Peggy Leon, Author, Peg Leon, Author . Permanent Press $26 (240p) ISBN 978-1-57962-095-0

An adolescent Serbian girl deals with her difficult, cloistered upbringing in this evocative coming-of-age novel set in rural Nevada just after World War II. Rebecca Jean Talovich is "Mala," the sheltered narrator who grows up in an enclave of Serbian immigrants in tiny Taylor, Nev., a mining town whose chief claim to fame is that the loneliest road in America runs through it. At the beginning of the novel, 13-year-old Mala observes the funeral of her tough, stoic grandmother, and subsequent chapters flesh out the rest of her idiosyncratic family: Mala's Aunt Anna, the aloof matriarch; her rebellious cousin Josie, who eventually escapes to attend college in Boston; and her spinster aunts Kiki and Mimi, who seem to come as a matched set. Notably absent from the young girl's life are her father, who was killed at Normandy during the war, and her mother, whose death has never been satisfactorily explained. Another major narrative thread deals with the arrival of a new, straightlaced and moralistic sheriff whose strictness disrupts the town's careful equilibrium and proves to be more than some of its residents can handle. Leon's plotting lacks momentum, but she compensates with some excellent character writing and a wide-open prose style, ranging from baroque and surreal to tender and insular, depending on whether she's describing the town's strange characters and their odd adventures or the intricacies of Mala's family. Although the lack of stylistic continuity can make this debut feel a little erratic, Leon exhibits a unique ability to capture the wacky essence of her remote mining town milieu. Book Sense 76 pick for Jan./Feb . (Dec.)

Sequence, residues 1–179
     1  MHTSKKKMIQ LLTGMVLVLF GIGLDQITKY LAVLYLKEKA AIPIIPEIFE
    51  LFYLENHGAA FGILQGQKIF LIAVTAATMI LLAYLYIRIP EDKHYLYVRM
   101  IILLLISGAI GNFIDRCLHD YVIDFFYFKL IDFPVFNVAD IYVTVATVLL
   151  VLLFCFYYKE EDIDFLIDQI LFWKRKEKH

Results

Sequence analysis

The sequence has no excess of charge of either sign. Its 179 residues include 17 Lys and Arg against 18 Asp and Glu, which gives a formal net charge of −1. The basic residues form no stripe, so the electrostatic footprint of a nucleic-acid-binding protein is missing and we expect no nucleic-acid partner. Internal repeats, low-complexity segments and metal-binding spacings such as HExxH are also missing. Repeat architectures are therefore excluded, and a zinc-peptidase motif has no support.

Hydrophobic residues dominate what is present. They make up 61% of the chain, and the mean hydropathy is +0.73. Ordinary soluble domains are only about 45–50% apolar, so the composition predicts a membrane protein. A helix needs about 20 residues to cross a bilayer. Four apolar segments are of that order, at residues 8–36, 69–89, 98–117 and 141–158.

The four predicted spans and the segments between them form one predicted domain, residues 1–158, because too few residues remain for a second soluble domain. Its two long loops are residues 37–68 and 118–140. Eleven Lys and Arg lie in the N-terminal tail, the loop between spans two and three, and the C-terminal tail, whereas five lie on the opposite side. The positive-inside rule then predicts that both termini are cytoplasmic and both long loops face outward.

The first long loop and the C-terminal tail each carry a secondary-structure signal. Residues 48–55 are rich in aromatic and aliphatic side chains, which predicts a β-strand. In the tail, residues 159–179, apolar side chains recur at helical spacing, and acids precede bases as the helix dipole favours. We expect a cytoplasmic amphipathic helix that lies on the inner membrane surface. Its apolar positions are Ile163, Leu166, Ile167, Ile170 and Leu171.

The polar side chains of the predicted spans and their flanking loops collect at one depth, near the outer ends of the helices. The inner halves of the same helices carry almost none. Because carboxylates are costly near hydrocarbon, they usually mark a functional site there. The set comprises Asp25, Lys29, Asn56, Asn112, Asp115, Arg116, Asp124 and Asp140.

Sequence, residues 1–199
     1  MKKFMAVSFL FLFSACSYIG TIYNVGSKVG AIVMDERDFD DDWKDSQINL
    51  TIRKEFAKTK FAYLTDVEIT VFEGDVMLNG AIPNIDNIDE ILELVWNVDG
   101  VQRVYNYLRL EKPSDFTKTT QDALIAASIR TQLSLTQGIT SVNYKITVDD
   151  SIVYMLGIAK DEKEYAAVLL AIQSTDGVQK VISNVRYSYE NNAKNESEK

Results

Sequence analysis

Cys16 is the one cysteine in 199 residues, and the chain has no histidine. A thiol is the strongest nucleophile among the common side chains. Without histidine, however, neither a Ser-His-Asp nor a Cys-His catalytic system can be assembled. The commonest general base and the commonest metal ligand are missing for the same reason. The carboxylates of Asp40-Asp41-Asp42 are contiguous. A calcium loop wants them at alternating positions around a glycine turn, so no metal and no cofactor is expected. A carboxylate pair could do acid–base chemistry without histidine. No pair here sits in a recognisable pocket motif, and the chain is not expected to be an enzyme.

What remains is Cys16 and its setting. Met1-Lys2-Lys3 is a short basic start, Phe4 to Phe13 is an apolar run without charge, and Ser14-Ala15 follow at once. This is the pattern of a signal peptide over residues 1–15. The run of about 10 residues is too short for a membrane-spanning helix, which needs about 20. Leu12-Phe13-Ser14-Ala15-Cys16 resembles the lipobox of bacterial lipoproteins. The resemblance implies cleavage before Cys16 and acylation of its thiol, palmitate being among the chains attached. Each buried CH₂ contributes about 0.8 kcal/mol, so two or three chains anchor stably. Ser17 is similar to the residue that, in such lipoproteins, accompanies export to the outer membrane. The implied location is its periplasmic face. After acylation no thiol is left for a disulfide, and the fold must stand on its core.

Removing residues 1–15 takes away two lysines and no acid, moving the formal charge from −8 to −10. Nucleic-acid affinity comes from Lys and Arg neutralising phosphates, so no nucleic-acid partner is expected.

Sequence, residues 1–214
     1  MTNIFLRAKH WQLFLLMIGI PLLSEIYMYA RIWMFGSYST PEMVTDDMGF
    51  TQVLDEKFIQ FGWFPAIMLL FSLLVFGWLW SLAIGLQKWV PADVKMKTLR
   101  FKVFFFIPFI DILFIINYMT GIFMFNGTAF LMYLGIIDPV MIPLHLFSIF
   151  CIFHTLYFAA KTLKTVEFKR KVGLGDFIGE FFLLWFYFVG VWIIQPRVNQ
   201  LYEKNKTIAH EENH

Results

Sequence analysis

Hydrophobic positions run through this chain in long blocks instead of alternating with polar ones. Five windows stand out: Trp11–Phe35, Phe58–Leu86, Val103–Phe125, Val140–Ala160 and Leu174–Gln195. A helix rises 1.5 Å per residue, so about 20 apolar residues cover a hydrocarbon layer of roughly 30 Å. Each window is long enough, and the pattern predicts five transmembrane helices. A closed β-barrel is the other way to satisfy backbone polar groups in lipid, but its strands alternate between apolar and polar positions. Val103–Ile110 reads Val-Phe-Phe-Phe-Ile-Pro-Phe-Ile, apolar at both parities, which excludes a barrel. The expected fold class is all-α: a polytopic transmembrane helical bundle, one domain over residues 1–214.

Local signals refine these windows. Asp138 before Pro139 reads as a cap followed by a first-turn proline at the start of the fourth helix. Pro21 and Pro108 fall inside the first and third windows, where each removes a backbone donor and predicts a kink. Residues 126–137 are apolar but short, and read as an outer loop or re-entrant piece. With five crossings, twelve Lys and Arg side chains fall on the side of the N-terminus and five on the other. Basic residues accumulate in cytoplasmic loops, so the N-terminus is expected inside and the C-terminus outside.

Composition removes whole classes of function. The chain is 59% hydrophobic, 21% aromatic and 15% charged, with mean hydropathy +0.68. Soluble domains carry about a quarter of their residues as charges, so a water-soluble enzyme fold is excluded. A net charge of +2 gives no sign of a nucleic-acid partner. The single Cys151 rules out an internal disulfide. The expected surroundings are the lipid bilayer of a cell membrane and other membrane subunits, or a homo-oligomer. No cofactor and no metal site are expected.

Reviewed on: 12/22/2003
Release date: 12/01/2003
Genre: Fiction
Open Ebook - 240 pages - 978-1-5040-2328-3
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